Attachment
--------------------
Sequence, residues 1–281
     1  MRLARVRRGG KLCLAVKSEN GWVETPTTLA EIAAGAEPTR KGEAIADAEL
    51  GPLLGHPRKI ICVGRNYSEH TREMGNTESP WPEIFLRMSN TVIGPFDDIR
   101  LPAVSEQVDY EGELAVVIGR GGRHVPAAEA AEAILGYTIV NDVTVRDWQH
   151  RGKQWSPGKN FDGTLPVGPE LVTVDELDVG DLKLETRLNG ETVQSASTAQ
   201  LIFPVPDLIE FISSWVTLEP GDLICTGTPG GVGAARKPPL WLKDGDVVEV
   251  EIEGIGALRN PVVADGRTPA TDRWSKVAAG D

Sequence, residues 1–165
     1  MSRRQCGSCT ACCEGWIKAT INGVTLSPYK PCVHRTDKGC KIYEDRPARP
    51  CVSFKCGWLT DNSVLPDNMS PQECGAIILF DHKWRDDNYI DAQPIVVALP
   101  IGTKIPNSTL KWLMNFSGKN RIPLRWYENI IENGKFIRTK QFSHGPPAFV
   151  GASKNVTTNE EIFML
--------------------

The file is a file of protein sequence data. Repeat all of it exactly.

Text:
Sequence, residues 1–281
     1  MRLARVRRGG KLCLAVKSEN GWVETPTTLA EIAAGAEPTR KGEAIADAEL
    51  GPLLGHPRKI ICVGRNYSEH TREMGNTESP WPEIFLRMSN TVIGPFDDIR
   101  LPAVSEQVDY EGELAVVIGR GGRHVPAAEA AEAILGYTIV NDVTVRDWQH
   151  RGKQWSPGKN FDGTLPVGPE LVTVDELDVG DLKLETRLNG ETVQSASTAQ
   201  LIFPVPDLIE FISSWVTLEP GDLICTGTPG GVGAARKPPL WLKDGDVVEV
   251  EIEGIGALRN PVVADGRTPA TDRWSKVAAG D

Sequence, residues 1–165
     1  MSRRQCGSCT ACCEGWIKAT INGVTLSPYK PCVHRTDKGC KIYEDRPARP
    51  CVSFKCGWLT DNSVLPDNMS PQECGAIILF DHKWRDDNYI DAQPIVVALP
   101  IGTKIPNSTL KWLMNFSGKN RIPLRWYENI IENGKFIRTK QFSHGPPAFV
   151  GASKNVTTNE EIFML